Visible to the public String Solvers for Web Security

ABSTRACT

Over the last decade, SMT solvers [1, 2] have made a huge impact in automatic bug-finding, analysis and verification of desktop software. More recently, string solvers are starting to have a similar impact on security analysis and vulnerability detection in web applications. String solvers provide a rich constraint language essential for security analysis of web applications, and recently have become efficient enough to be used at scale.

In this talk, I will present my experience in designing two successful string solvers aimed at finding a variety of security vulnerabilities including SQL Injection and XSS. In particular, I will present three results: First, I will talk about HAMPI [4, 5], a solver for string constraints over bounded string variables. Users of Hampi specify constraints using regular expressions, context-free grammars, equality between string terms (word equations), and typical string operations such as concatenation and substring extraction. Hampi then finds a solution string that either satisfies all input constraints or reports that they are unsatisfiable. I will illustrate Hampi's expressiveness and efficiency by discussing its use in static and dynamic analyses for finding security vulnerabilities in web applications with hundreds of thousands of lines of code. Second, I will discuss a new solver, Z3-str (under submission), that my collaborators (Yunhui Zheng and Professor Xiangyu Zhang of Purdue) and I recently built on top of the Z3 SMT solver [1]. Z3-str supports a unified logic for many non-string and string operations. For example, a user of Z3-str can specify equality between string terms (built using concatenation and extraction) and compare the length of strings using length functions. I will discuss how these solvers can be used through detailed examples, and the underlying techniques that enable these solvers to scale. Third, I will discuss some undecidability/decidability results for certain quantified fragment of the logic supported by Hampi [3].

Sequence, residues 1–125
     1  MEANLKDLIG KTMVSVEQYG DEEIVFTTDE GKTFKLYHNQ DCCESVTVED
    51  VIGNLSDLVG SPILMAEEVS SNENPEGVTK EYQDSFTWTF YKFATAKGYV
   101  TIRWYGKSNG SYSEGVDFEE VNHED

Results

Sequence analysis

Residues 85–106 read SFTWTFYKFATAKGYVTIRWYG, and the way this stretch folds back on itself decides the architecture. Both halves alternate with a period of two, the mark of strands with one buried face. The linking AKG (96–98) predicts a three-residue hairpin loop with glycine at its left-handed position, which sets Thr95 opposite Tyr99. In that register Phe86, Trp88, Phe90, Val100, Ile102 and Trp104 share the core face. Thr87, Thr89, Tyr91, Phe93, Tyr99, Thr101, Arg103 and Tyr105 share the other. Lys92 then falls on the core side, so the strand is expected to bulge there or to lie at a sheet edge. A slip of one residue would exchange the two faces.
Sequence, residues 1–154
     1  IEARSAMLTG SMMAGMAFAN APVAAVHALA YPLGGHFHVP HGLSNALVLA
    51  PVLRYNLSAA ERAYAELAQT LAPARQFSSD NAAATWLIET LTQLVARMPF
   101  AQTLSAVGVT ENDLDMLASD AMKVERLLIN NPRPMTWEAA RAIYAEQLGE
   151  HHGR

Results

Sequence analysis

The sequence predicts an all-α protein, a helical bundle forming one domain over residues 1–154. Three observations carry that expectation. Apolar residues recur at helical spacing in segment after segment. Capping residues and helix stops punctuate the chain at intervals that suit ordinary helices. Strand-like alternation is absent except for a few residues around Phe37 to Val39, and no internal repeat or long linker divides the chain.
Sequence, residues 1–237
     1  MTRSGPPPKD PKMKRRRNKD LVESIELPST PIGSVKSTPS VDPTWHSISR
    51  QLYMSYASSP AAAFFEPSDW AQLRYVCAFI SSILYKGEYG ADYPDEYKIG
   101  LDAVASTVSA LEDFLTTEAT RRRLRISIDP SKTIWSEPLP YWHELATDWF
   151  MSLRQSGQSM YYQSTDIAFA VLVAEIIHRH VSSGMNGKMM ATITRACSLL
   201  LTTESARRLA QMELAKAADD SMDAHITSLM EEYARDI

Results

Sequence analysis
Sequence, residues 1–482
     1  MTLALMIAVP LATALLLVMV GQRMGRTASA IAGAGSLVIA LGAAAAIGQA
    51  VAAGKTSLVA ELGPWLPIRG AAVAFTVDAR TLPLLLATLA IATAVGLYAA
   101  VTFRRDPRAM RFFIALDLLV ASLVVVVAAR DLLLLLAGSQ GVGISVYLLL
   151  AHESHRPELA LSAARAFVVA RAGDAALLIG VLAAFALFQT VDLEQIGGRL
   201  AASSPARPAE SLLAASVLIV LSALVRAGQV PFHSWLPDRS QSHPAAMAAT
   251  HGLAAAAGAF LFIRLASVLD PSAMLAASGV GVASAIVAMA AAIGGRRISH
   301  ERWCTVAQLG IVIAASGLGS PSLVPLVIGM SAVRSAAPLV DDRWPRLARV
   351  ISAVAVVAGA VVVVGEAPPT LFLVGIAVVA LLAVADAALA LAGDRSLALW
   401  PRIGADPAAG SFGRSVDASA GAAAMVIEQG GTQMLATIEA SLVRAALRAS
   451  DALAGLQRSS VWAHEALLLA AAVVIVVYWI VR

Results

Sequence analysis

I will conclude my talk with new techniques to enable greater scalability and usability of string solvers, issues regarding standardization of string solver languages, further integration of string solvers with non-string theories, and some open theoretical problems.

References

1. L. Moura and N. Bjorner. Z3: An Efficient SMT Solver. In TACAS'08.

2. V. Ganesh and D. L. Dill. A decision procedure for bit-vectors and arrays. In CAV'07.

3. V. Ganesh, M. Minnes, A. Solar-Lezama and M. Rinard. Word equations with length constraints: what's decidable? In HVC'12.

4. A. Kiezun, V. Ganesh, P. Guo, P. Hooimeijer and M. Ernst. HAMPI: a solver for string contraints. In ISSTA'09.

V. Ganesh, A Kiezun, S. Artzi, P. Guo, P. Hooimeijer and M. Ernst. HAMPI: a string solver for testing, analysis and vulnerability detection. In CAV'11.

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